A groovy 70s-style adaptation of Richard Strauss' Also Sprach Zarathustra (you know, the theme music from 2001: A Space Odyssey) sets a funky tone for the opening of Black, which moves briskly and efficiently from a slickly-shot "armored car robbery gone bad" in Paris to a modern update of Shaft in Africa to a lunatic, witchy, bastard offspring of Cat People and Ssssss. It's gloriously lunatic.
All credit to screenwriters Lucio Mad and Gábor Rassov for conjuring up such a fantastic tale, and to director/co-scenarist Pierre Laffargue for framing the action in such a realistic manner. If those names sound suspiciously French to you, yes, people, this is another crazy French genre flick; think of it as the Gallic cousin of The Bourne Identity if Jason Bourne was an ambitious, African-born Parisian criminal set loose on the streets of Dakar, Senegal.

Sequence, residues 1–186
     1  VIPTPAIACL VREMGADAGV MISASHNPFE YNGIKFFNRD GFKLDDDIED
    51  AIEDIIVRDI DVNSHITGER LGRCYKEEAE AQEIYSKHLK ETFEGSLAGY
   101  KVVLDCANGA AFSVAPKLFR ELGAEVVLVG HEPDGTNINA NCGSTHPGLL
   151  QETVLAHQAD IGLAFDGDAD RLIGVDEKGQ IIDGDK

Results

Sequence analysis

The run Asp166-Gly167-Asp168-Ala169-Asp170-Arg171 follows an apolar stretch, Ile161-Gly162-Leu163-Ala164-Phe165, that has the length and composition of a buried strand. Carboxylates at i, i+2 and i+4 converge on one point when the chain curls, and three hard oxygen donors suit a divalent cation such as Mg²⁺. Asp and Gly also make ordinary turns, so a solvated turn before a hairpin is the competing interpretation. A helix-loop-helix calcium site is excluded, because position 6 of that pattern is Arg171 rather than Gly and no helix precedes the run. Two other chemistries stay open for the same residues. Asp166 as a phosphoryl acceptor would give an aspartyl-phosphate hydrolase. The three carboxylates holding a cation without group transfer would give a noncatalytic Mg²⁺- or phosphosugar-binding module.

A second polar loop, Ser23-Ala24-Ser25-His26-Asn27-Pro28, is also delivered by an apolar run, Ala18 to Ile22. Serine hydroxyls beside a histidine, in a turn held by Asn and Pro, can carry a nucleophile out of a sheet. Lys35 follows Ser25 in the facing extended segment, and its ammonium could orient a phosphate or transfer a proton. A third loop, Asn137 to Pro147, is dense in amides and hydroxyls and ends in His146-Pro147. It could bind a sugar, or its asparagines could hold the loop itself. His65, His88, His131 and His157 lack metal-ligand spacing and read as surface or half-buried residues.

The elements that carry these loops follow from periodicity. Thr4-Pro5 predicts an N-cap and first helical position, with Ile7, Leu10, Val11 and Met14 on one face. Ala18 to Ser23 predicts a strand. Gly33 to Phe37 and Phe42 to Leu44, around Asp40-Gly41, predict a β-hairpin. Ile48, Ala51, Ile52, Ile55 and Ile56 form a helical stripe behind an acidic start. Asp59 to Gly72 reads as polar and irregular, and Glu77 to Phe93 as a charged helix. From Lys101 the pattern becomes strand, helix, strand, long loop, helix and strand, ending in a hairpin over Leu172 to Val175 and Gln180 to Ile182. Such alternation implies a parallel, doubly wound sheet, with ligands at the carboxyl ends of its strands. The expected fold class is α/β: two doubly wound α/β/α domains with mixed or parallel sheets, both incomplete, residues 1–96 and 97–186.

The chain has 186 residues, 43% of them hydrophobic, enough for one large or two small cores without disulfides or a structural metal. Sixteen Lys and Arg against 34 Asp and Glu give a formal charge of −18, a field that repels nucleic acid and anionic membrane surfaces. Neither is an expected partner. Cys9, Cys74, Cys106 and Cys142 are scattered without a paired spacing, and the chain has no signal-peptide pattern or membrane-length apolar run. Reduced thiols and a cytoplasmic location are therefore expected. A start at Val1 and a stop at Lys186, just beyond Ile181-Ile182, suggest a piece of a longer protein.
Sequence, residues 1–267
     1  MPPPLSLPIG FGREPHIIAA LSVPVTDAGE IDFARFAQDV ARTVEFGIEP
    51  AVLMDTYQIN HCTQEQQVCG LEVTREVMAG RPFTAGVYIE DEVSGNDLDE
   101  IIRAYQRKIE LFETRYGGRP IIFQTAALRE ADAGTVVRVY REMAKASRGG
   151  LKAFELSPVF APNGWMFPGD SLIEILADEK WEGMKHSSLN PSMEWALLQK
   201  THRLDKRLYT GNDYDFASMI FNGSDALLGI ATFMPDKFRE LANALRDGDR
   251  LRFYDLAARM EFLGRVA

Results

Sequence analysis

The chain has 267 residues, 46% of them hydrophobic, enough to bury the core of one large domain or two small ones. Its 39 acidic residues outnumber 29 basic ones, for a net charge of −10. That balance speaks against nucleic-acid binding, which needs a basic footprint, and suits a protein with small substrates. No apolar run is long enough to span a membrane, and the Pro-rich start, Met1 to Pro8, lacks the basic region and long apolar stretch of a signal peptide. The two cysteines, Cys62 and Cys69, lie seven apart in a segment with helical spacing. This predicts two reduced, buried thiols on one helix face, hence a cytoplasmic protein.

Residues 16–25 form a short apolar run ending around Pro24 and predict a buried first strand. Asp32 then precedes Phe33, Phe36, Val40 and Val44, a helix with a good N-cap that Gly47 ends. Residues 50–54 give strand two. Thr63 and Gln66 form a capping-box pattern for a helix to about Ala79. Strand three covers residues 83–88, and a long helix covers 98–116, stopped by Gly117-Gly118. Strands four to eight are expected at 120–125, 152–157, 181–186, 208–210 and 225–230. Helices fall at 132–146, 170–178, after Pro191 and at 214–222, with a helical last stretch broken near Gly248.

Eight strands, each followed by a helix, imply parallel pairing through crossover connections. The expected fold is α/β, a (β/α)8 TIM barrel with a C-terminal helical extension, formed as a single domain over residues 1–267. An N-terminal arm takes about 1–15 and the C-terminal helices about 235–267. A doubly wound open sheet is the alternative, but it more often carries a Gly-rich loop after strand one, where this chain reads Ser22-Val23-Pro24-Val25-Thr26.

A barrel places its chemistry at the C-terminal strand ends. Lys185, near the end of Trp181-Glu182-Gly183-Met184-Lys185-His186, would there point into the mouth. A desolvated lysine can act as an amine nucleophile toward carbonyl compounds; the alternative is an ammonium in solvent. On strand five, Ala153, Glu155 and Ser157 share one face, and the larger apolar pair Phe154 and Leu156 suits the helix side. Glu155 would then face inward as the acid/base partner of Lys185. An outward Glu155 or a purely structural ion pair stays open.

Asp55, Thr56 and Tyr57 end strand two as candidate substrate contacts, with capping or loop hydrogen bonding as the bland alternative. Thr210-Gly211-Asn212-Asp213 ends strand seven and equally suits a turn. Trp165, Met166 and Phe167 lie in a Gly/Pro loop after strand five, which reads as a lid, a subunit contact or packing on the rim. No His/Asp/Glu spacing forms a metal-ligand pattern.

The title character, played by rap artist MC Jean Gab'1 (District B13), survives a botched heist and then gets a phone call from his cousin in Dakar. It seems that a tiny bag filled with big diamonds has been placed in a local bank's safe deposit box for safekeeping, and cousin has the key to the box. All they have to do is blow through inadequate security and pay off a few underpaid guards, and the diamonds will be theirs. Black's eyes light up, and before you can count to three, he's on a plane to Dakar with three of his buddies.
Black was born in Senegal but moved away as a child and has never returned. He views his homecoming through opportunistic, criminal eyes, disgusted by the poverty and apparent simplicity of the people, and all too ready to take advantage of his cousin's tip. His arrival is the tipping point in a series of ever-escalating, mad adventures.